WASHINGTON: Defense Secretary Robert Gates has previously admited in interviews that he inherited “a shapeless mess” from his predecessor, Donald Rumsfeld: “First, I was assured by experts in the field that we had a Sunni triangle, then it became a Shiite square, and finally a Kurdish hexagon…but when I arrived at the Pentagon, everyone I asked circled around the questions. Peter Pace, Chairman of the Joint Chiefs of Staff, has suggested I call it ‘a surge,’ but I’m not even sure what the hell that looks like.”
The view from the bottom: Secretary of Defense, Robert Gates, looks up from the bowels of the Pentagon.
Calling Karl Rove into his office, Gates asked him to provide a visual representation of the 21,500 troops who will be deployed to Iraq. Rove nodded, then nimbly descended, around and around, into the ninth circle of hell (spinning comes easily to him); there, he bribed a hypocritical cartographer, and returned with the following map:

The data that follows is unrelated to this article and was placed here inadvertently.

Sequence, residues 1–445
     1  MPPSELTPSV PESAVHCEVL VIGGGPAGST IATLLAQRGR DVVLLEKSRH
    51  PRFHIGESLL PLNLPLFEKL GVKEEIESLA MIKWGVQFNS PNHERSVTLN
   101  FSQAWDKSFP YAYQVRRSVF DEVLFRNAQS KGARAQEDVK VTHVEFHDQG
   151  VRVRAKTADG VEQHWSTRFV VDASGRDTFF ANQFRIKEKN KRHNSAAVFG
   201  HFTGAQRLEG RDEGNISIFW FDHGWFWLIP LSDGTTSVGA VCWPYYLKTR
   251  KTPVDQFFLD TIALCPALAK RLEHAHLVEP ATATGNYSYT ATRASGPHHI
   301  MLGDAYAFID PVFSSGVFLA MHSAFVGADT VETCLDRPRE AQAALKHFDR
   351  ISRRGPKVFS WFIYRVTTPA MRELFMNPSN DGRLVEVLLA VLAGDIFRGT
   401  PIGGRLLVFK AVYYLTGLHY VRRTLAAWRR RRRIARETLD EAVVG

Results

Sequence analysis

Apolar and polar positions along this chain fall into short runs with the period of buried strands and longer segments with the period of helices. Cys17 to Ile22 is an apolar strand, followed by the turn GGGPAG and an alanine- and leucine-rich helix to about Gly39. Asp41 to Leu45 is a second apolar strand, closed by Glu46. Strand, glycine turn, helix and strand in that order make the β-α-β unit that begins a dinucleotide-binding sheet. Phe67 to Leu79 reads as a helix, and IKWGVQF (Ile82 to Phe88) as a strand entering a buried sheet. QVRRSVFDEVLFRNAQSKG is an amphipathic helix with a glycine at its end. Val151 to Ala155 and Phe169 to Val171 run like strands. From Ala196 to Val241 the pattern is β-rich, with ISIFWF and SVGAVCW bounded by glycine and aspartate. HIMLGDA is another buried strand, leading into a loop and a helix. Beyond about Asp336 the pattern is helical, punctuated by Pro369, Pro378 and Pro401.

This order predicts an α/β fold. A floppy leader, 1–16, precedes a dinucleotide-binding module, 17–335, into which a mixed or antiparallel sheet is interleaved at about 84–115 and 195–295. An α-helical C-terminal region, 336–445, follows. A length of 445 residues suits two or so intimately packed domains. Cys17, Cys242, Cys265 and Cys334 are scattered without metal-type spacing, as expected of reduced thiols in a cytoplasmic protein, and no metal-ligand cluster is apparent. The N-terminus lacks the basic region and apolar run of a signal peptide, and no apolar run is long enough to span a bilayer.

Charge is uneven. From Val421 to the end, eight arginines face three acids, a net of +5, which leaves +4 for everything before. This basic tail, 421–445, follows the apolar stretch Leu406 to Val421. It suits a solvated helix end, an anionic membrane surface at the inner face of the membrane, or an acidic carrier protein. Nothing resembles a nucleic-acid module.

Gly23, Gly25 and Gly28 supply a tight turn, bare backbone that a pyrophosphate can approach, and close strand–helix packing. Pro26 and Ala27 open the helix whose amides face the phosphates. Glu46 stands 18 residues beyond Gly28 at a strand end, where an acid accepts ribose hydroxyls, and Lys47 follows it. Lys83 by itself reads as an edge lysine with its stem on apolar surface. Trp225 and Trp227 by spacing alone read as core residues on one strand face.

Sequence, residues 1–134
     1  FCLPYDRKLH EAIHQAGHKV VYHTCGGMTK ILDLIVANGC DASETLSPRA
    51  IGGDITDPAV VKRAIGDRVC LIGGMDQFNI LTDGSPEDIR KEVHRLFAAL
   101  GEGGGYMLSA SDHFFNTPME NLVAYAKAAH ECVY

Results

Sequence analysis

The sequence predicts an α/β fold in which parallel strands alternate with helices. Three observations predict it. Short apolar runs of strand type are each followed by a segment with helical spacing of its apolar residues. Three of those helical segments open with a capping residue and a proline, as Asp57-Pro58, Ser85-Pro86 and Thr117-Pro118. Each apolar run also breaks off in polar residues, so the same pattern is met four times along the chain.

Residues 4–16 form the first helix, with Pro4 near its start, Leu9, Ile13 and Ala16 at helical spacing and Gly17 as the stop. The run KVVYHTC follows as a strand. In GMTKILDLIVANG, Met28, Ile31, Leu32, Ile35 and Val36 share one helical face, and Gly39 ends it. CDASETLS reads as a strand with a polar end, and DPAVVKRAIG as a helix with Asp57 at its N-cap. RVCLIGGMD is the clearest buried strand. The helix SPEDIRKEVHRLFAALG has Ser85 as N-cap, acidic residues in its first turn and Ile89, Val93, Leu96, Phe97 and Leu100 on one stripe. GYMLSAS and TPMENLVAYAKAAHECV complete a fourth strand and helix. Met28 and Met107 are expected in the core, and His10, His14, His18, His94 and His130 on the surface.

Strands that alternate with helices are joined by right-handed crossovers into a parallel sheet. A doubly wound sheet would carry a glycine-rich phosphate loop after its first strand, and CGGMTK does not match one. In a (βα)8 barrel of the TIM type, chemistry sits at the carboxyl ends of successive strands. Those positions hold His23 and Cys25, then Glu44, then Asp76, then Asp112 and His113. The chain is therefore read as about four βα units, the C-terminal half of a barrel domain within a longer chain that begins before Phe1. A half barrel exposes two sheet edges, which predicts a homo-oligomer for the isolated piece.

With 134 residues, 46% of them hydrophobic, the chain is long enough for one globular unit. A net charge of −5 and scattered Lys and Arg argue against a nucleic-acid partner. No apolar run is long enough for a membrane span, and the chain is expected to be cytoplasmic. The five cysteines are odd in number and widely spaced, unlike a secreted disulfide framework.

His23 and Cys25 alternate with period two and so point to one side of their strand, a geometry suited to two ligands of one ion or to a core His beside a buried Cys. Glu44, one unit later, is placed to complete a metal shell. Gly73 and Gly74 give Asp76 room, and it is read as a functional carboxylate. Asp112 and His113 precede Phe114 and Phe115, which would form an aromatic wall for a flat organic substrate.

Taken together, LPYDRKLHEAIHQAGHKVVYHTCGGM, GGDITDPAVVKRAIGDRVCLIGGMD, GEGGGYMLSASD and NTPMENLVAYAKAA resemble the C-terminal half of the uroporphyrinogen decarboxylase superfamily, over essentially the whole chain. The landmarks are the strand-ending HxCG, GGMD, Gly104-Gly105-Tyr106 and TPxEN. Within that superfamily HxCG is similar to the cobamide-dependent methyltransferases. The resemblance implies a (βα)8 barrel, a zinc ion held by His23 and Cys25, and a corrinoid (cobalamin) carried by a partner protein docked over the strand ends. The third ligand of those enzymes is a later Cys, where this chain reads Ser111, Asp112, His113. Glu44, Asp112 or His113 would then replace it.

“The Surge begins in Saudi Arabia, then storms Northward to Baghdad, sweeps into Iran for a quick exit strategy, and finally curves Northwest into Syria (our exit strategy from our exit strategy).”–Karl Rove
Gates, however, found this new shape “questionable.” In response, Rove spun the image around until even he forgot how questionable the surge looked. Out of the swirl, the new shape for Iraq emerged: a downward spiral, resembling Ground Zero and Target combined. Secretary Gates, like a majority of administration officials puzzled by the shape of things, finally resigned: “forget about ‘enemy lines.’ We’ll run them in circles around us.”